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Nation in brief: Corps blasted for bad pumps

Thu., March 15, 2007

Louisiana Gov. Kathleen Blanco lashed out at the Army Corps of Engineers on Wednesday for installing defective pumps at three major drainage canals just before the start of last summer’s hurricane season.

“This could put a lot of our people in jeopardy,” Blanco said. “It begs the question: Are we really safe?”

She and U.S. Sen. Mary Landrieu of Louisiana called for a congressional investigation into how the Corps allowed it to happen.

Citing internal documents, the Associated Press reported Tuesday that the Corps installed the 34 pumps last year in a rush to fix the city’s flood defenses, despite warnings from one of its experts that the machinery was defective and likely to fail in a storm.

At the same time, the Corps, the White House and state officials were telling residents that it was safe to come back to New Orleans.

On Wednesday, Donald Powell, the administration’s Gulf Coast hurricane recovery czar, said that he was never shown the memo, and that assurances he made that New Orleans was as safe as or safer than it was before Katrina were based on information he got from the Corps.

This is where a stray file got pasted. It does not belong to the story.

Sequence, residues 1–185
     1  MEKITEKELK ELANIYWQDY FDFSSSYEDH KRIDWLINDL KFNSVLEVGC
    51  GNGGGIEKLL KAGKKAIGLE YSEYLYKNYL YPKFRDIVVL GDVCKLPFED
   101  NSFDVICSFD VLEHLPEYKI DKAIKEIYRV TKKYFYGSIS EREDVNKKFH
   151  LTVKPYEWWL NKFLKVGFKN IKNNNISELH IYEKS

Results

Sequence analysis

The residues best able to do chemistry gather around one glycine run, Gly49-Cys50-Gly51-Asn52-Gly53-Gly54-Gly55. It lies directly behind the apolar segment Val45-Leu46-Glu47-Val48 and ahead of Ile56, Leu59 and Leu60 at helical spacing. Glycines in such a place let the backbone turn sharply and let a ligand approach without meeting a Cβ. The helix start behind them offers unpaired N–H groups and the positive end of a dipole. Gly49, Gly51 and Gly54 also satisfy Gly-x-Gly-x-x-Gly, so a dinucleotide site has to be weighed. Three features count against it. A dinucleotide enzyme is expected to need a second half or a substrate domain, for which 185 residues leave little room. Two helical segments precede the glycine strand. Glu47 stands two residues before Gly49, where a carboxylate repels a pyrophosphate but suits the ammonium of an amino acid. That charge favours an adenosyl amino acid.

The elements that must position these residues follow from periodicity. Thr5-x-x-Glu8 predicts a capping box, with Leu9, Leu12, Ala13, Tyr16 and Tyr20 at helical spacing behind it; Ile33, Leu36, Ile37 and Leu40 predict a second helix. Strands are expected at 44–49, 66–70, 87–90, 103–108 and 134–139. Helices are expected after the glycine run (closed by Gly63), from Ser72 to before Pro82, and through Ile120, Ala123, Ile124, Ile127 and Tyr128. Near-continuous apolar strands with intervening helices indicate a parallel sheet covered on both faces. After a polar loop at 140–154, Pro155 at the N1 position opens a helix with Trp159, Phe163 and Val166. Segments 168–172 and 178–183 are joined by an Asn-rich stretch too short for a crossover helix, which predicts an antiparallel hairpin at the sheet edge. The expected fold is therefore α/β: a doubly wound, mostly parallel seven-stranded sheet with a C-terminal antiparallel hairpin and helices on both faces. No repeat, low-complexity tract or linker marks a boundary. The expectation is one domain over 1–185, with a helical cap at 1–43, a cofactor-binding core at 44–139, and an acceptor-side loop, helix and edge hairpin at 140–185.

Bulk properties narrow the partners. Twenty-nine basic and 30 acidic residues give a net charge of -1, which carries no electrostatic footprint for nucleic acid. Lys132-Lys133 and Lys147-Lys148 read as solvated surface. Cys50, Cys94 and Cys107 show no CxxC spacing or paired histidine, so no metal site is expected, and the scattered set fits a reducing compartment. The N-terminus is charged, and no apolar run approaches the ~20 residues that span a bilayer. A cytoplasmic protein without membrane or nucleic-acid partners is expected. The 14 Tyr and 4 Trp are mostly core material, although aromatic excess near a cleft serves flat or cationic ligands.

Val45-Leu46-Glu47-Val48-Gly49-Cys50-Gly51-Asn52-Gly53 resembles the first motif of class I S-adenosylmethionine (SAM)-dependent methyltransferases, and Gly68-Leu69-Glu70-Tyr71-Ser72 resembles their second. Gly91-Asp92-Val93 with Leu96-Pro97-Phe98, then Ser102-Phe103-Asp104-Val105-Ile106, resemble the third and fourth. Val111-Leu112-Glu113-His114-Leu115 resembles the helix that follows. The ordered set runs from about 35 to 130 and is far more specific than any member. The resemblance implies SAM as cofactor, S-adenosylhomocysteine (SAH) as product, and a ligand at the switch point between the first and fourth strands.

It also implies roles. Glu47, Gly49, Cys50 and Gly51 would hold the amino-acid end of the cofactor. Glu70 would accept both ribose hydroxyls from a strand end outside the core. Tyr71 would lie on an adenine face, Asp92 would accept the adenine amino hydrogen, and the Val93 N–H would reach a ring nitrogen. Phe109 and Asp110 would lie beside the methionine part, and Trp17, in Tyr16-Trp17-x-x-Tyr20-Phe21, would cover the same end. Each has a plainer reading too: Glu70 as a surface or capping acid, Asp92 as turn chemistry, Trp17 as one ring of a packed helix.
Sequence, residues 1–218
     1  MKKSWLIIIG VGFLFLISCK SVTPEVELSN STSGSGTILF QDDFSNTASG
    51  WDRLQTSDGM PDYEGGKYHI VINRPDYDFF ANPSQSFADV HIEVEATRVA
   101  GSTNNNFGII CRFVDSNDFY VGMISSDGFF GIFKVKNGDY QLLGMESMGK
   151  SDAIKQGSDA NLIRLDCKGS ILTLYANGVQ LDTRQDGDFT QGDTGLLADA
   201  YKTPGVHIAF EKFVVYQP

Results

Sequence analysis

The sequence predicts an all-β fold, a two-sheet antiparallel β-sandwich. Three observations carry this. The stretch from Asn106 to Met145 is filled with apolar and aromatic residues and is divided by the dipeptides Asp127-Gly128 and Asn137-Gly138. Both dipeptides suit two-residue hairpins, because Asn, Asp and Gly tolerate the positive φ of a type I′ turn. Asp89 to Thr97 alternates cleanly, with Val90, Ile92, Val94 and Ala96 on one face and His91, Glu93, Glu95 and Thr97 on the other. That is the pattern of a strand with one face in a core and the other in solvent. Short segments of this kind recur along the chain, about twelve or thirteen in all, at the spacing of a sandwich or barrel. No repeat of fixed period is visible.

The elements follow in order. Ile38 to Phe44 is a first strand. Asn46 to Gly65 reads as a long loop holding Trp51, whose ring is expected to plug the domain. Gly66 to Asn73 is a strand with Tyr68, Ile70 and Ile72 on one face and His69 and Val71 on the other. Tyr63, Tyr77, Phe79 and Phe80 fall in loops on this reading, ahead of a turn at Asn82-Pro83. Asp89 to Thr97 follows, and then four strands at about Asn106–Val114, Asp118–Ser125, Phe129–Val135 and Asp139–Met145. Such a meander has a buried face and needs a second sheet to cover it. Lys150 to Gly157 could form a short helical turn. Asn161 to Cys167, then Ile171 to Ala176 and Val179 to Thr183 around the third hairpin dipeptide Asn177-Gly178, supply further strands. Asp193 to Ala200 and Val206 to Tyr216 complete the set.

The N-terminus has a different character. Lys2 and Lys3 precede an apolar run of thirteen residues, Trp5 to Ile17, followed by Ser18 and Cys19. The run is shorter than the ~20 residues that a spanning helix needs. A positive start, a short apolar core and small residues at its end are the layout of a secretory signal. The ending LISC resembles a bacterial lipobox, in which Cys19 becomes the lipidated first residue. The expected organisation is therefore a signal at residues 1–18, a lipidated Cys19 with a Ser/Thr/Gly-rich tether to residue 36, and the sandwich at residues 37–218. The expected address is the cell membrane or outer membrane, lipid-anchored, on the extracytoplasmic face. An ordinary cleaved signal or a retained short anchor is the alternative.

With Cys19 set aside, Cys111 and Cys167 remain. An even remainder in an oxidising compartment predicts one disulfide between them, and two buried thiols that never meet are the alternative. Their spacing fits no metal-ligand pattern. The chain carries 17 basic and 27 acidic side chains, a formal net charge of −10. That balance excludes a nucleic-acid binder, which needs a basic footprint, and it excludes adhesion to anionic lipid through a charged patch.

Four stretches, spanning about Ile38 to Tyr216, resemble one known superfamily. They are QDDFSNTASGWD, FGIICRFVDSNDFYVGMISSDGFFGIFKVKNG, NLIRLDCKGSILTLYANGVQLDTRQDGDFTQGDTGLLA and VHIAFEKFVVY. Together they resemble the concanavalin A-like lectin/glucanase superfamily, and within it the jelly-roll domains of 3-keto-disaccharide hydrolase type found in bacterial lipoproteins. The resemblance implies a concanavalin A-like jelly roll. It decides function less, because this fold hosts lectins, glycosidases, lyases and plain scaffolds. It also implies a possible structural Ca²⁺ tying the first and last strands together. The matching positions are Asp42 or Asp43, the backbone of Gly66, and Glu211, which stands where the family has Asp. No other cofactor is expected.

Child killer’s jury backs execution

A jury decided Wednesday that a convicted sex offender should get the death penalty for the kidnapping, rape and murder of 9-year-old Jessica Lunsford, who was buried alive in trash bags just yards from her home.

The jury, on a 10-2 vote, brushed aside pleas for mercy and a life sentence from defense lawyers based on claims that John Evander Couey, 48, is mentally retarded and suffers from chronic mental illness. Jurors deliberated for about one hour.

The final decision on Couey’s fate will be made in several weeks by Circuit Judge Richard Howard, who is not bound by the jury’s recommendation but is required to give it “great weight.”


Edwards staffers evacuate HQ

The campaign headquarters of Democratic presidential candidate John Edwards was evacuated Wednesday after a staff member opened a letter containing white powder, a campaign official said.

“The authorities have asked us to evacuate while they run tests on the substance, and we have done so,” said Jonathan Prince, deputy campaign manager.

Chapel Hill police spokeswoman Jane Cousins said the campaign worker who opened the legal-size envelope containing the powder has been interviewed by health officials and has shown no health problems.

Police contacted the regional hazardous materials response team, the FBI and the fire department, Cousins said. Hazardous materials experts were testing the substance, she said.


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